June 12-19 is National Certified Nursing Assistant Week and on June 13, the Arkansas Health Care Association sponsors a CNA Appreciation Day in Little Rock.
Our CNAs were asked to submit a letter to the director of nursing as to why they feel they should be chosen to attend the rally. I feel Steve Hilton's letter represents the CNA profession and reflects his love of the profession. I hope you will find space to publish it.
Linda Hall, administrator, Eaglecrest Nursing and Rehab Center
What it means to be a CNA
I saw the note on the bulletin board and was encouraged by Kathy to enter a submission for attending the CNA Rally that is going to be held in Little Rock. So, I thought I would write about what a CNA means to me.
CNA, of course, is short for Certified Nursing Assistant. This means that we who have this title have successfully completed a training program that covers a specific body of knowledge concerning the care for the sick, injured, convalescent and disabled under the supervision of physicians, licensed practical nurses and registered nurses. There are standards in place, there are skills which we are required to be competent in. We are professionals and are held accountable as such.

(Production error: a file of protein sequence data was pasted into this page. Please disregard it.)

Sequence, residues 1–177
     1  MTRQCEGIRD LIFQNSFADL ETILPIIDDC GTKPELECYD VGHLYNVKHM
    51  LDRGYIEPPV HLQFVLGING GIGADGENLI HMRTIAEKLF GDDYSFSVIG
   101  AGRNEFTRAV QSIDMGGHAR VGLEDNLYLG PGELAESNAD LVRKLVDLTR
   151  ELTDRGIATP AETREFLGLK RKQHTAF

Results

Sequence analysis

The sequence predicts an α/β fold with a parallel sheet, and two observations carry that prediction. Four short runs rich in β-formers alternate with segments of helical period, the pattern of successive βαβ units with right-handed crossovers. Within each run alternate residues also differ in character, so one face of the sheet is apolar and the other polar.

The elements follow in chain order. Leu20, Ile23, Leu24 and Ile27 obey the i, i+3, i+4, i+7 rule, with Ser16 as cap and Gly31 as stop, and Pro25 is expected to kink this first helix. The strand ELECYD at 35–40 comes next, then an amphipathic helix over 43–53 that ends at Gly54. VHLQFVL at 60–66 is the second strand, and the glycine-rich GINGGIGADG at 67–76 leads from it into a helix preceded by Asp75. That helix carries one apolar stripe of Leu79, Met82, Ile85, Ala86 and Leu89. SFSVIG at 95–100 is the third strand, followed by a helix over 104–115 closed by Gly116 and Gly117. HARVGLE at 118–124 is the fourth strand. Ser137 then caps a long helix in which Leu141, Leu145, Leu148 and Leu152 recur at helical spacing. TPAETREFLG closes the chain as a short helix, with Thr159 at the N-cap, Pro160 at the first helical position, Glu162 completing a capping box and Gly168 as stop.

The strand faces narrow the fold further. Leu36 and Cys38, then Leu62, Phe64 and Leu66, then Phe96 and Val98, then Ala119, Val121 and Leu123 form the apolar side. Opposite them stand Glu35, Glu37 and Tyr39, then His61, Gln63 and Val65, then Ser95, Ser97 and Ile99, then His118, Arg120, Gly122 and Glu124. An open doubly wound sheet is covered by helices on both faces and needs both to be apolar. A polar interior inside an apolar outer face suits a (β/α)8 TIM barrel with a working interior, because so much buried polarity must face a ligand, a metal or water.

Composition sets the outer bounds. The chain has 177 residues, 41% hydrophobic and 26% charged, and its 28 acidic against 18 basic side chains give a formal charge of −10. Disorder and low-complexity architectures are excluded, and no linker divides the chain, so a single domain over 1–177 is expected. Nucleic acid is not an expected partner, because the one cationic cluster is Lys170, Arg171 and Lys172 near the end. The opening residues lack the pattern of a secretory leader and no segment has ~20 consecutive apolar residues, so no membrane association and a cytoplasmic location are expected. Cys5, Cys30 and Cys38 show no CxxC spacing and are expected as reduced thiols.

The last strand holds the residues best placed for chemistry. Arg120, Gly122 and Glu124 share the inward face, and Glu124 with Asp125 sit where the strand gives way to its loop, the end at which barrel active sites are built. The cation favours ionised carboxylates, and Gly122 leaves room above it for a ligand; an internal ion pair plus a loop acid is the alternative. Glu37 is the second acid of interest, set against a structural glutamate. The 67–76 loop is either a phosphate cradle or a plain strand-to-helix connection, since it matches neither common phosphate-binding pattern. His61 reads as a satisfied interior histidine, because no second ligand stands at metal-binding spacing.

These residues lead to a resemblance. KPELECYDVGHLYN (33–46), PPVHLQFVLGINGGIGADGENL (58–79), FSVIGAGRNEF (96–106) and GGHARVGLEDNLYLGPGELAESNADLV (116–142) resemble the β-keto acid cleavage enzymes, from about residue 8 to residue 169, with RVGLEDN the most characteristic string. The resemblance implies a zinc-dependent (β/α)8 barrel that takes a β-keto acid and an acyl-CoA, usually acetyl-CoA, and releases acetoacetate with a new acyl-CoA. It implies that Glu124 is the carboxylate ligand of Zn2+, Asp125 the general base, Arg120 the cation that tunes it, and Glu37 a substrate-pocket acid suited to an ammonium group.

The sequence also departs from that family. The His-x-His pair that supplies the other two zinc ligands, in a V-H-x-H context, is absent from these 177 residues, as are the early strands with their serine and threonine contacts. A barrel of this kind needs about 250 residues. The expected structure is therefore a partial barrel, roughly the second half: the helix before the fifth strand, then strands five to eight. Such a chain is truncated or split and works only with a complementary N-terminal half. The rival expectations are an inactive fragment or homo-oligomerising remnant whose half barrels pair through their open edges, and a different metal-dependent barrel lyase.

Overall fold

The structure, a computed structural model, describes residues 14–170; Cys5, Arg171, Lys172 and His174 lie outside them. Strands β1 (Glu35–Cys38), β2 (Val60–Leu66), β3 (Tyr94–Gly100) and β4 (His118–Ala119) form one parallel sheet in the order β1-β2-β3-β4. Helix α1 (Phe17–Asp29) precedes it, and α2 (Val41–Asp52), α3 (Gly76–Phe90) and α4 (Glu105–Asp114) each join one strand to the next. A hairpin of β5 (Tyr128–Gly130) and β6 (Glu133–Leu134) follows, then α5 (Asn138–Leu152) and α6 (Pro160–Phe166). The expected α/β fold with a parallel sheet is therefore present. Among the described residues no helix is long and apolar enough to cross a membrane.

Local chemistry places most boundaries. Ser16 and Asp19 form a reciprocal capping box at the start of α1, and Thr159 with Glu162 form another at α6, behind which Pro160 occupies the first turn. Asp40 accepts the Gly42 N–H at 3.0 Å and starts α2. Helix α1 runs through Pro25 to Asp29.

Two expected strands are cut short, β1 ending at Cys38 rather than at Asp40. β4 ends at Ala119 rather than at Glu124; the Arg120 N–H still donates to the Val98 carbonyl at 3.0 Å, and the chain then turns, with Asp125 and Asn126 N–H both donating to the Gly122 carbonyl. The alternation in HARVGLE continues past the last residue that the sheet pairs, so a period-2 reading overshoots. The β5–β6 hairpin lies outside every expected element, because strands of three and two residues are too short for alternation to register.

But, there is so much more to the profession. CNA can also stand for Compassionate Nursing Assistant, for we are carrying out our duties and responsibilities upon other human beings, who have names, and faces, a history and a future. It is not enough to carry out our responsibilities such as bathing and dressing and assisting a resident to the dining room, make beds and answer call lights. Our residents are more than "Assistance is needed in room 302." They have individual needs and desires, dreams and goals, that ought not to end because they have entered a long-term care facility. Their quality of life is as valid and as important as anyone's. Compassion is a key ingredient in carrying out the daily responsibilities of a CNA.
CNA can also stand for Creative Nursing Assistant. Part of being compassionate is recognizing the uniqueness and individuality of every resident and accommodating each resident to the greatest extent possible. It means "thinking outside the box," coming up with innovative solutions to unique situations, often on the spur of the moment, to enable the resident to enjoy greater freedom, greater access, a more improved quality of life.
Certified. Compassionate. Creative. This is what it means to be a CNA.
Steve Hilton, Horseshoe Bend